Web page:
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ISSUE:  Winter 1990
The way I admire this couch, unsuitable for my house,
In the window of Gardner’s Antique Furniture
And brood on its curves and subtle carvings,
Would convince you, if you were here,
That I can be intimate now with the beautiful
On its own terms, without a craving for ownership.

And if you were here you could see me
Climbing the water tower on Sunday
To look out over the power lines
And enjoy the sight of houses and mills
Suddenly grown small.

See, I’ve learned what you told me to,
That the world needn’t be worshiped,
And still I’m willing to bless its frail particulars,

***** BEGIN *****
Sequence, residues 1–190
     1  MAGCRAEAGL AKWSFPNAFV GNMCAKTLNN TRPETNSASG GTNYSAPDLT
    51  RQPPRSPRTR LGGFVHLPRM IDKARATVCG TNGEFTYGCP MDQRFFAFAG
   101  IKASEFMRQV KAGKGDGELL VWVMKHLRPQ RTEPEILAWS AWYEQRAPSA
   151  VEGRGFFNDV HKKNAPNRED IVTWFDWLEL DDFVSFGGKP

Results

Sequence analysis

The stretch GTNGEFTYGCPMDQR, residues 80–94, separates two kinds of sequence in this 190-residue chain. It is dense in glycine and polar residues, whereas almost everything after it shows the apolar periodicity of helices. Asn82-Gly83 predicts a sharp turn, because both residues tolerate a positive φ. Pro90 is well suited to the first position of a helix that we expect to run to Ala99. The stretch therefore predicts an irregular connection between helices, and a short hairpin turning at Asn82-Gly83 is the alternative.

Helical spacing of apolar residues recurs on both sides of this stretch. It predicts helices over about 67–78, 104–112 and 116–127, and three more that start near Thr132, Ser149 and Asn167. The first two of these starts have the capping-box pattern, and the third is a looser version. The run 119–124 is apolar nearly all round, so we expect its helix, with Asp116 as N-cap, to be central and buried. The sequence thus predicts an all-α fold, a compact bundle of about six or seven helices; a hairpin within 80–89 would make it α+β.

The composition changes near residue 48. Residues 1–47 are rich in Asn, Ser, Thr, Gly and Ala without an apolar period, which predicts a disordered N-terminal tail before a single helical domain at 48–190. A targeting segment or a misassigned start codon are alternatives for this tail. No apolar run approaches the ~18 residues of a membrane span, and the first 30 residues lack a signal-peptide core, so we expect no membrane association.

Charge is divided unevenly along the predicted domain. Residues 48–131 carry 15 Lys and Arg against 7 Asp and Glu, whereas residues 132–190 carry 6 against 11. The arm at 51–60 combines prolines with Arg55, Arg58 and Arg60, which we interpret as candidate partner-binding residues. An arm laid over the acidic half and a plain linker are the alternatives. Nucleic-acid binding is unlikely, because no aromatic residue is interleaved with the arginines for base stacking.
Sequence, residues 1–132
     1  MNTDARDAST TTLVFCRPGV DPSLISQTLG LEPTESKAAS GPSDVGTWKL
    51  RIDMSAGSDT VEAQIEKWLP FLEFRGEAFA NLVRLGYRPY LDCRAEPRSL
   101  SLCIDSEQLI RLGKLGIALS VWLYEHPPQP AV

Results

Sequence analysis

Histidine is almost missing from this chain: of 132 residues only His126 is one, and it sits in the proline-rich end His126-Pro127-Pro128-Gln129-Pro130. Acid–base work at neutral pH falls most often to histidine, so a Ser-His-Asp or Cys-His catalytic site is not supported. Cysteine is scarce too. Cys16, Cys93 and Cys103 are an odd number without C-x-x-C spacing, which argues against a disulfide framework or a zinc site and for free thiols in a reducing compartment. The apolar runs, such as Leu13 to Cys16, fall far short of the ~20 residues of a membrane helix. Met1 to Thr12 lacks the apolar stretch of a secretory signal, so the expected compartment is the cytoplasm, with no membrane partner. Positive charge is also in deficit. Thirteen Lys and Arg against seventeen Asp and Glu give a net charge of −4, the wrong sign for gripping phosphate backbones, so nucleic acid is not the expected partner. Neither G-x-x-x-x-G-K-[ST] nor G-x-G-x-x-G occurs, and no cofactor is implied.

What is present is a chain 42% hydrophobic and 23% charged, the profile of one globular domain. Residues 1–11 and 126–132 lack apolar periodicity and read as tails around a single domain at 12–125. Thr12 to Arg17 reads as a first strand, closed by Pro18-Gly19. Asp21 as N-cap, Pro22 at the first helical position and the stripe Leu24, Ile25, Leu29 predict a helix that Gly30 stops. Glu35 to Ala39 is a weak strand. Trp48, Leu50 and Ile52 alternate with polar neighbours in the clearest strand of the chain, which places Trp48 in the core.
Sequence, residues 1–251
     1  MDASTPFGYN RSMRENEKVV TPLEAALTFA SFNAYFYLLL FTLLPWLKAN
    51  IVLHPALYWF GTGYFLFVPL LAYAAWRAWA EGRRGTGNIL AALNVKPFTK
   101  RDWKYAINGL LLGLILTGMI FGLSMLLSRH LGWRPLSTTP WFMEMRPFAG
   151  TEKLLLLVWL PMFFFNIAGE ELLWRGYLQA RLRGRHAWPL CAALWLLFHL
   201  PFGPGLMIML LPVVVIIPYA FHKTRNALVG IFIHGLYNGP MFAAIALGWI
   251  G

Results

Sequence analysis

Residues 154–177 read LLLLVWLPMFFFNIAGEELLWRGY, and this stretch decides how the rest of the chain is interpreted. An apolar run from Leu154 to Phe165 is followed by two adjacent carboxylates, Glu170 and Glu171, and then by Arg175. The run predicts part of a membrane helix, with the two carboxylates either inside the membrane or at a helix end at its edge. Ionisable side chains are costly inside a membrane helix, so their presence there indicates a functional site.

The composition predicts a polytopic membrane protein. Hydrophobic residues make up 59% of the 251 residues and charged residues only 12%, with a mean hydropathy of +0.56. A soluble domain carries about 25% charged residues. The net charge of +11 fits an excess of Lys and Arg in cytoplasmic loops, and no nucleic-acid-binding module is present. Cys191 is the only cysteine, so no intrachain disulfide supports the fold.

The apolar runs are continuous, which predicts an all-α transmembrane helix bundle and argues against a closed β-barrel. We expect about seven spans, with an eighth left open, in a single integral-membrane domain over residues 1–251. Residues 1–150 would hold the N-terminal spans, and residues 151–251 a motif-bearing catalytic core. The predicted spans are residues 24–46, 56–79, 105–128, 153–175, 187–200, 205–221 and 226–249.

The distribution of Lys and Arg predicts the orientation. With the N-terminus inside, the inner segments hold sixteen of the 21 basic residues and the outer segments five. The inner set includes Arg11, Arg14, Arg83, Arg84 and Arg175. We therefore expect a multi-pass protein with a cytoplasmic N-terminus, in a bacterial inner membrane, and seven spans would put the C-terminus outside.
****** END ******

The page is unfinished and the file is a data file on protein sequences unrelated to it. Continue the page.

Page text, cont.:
The line of cars parked at the lake
And the waders and swimmers,
And the runner in training again
For his annual one-man marathon around the rim.

Do you think I’m lying to win you over?
I can’t be sure I’m not.
I admit I couldn’t approve my life
If I seemed to be someone you couldn’t approve of.

Would you like me to love the truth wholly for itself?
I could be content with its cool, impersonal light
If I thought the rumor of my contentment,
If it ever reached you, would give you pleasure,
Pleasure that would make you ask for more.


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